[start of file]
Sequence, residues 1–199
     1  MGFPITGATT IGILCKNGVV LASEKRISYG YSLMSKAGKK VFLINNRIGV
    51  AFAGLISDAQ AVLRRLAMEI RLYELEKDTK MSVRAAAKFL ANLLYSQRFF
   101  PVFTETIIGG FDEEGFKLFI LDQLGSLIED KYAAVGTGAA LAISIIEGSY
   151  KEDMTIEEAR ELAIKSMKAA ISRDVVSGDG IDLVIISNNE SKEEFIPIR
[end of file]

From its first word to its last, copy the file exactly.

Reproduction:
Sequence, residues 1–199
     1  MGFPITGATT IGILCKNGVV LASEKRISYG YSLMSKAGKK VFLINNRIGV
    51  AFAGLISDAQ AVLRRLAMEI RLYELEKDTK MSVRAAAKFL ANLLYSQRFF
   101  PVFTETIIGG FDEEGFKLFI LDQLGSLIED KYAAVGTGAA LAISIIEGSY
   151  KEDMTIEEAR ELAIKSMKAA ISRDVVSGDG IDLVIISNNE SKEEFIPIR